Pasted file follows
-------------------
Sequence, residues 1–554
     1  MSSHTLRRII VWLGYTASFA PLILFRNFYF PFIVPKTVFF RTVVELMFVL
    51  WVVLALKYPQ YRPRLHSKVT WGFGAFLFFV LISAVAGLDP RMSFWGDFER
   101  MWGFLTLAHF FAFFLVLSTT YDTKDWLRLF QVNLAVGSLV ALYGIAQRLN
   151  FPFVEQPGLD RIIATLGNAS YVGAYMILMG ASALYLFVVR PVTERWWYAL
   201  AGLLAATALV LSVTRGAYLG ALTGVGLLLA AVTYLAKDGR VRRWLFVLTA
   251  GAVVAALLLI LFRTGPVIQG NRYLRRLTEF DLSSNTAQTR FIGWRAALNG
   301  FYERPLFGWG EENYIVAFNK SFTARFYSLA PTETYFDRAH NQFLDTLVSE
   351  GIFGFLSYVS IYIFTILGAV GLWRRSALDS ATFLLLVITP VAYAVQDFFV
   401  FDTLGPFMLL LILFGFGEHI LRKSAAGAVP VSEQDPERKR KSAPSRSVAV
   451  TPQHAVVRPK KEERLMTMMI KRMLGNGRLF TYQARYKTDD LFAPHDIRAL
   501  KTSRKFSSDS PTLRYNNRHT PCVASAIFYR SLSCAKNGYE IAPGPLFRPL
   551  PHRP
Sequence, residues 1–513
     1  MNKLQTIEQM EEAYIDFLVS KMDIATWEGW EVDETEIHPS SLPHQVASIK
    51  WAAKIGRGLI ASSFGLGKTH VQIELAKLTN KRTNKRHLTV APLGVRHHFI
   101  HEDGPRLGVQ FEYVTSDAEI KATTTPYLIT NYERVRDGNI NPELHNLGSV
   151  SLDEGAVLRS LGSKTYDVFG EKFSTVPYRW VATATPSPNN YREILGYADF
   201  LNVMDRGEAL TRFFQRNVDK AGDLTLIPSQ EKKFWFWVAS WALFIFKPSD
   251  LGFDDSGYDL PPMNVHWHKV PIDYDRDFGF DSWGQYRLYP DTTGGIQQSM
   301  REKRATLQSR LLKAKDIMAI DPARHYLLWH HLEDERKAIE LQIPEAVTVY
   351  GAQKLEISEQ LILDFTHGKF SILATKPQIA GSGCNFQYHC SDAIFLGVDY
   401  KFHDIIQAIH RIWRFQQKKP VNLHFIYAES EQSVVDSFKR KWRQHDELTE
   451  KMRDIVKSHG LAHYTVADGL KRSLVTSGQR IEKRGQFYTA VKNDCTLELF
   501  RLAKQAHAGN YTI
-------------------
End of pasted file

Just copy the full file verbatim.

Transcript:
Sequence, residues 1–554
     1  MSSHTLRRII VWLGYTASFA PLILFRNFYF PFIVPKTVFF RTVVELMFVL
    51  WVVLALKYPQ YRPRLHSKVT WGFGAFLFFV LISAVAGLDP RMSFWGDFER
   101  MWGFLTLAHF FAFFLVLSTT YDTKDWLRLF QVNLAVGSLV ALYGIAQRLN
   151  FPFVEQPGLD RIIATLGNAS YVGAYMILMG ASALYLFVVR PVTERWWYAL
   201  AGLLAATALV LSVTRGAYLG ALTGVGLLLA AVTYLAKDGR VRRWLFVLTA
   251  GAVVAALLLI LFRTGPVIQG NRYLRRLTEF DLSSNTAQTR FIGWRAALNG
   301  FYERPLFGWG EENYIVAFNK SFTARFYSLA PTETYFDRAH NQFLDTLVSE
   351  GIFGFLSYVS IYIFTILGAV GLWRRSALDS ATFLLLVITP VAYAVQDFFV
   401  FDTLGPFMLL LILFGFGEHI LRKSAAGAVP VSEQDPERKR KSAPSRSVAV
   451  TPQHAVVRPK KEERLMTMMI KRMLGNGRLF TYQARYKTDD LFAPHDIRAL
   501  KTSRKFSSDS PTLRYNNRHT PCVASAIFYR SLSCAKNGYE IAPGPLFRPL
   551  PHRP
Sequence, residues 1–513
     1  MNKLQTIEQM EEAYIDFLVS KMDIATWEGW EVDETEIHPS SLPHQVASIK
    51  WAAKIGRGLI ASSFGLGKTH VQIELAKLTN KRTNKRHLTV APLGVRHHFI
   101  HEDGPRLGVQ FEYVTSDAEI KATTTPYLIT NYERVRDGNI NPELHNLGSV
   151  SLDEGAVLRS LGSKTYDVFG EKFSTVPYRW VATATPSPNN YREILGYADF
   201  LNVMDRGEAL TRFFQRNVDK AGDLTLIPSQ EKKFWFWVAS WALFIFKPSD
   251  LGFDDSGYDL PPMNVHWHKV PIDYDRDFGF DSWGQYRLYP DTTGGIQQSM
   301  REKRATLQSR LLKAKDIMAI DPARHYLLWH HLEDERKAIE LQIPEAVTVY
   351  GAQKLEISEQ LILDFTHGKF SILATKPQIA GSGCNFQYHC SDAIFLGVDY
   401  KFHDIIQAIH RIWRFQQKKP VNLHFIYAES EQSVVDSFKR KWRQHDELTE
   451  KMRDIVKSHG LAHYTVADGL KRSLVTSGQR IEKRGQFYTA VKNDCTLELF
   501  RLAKQAHAGN YTI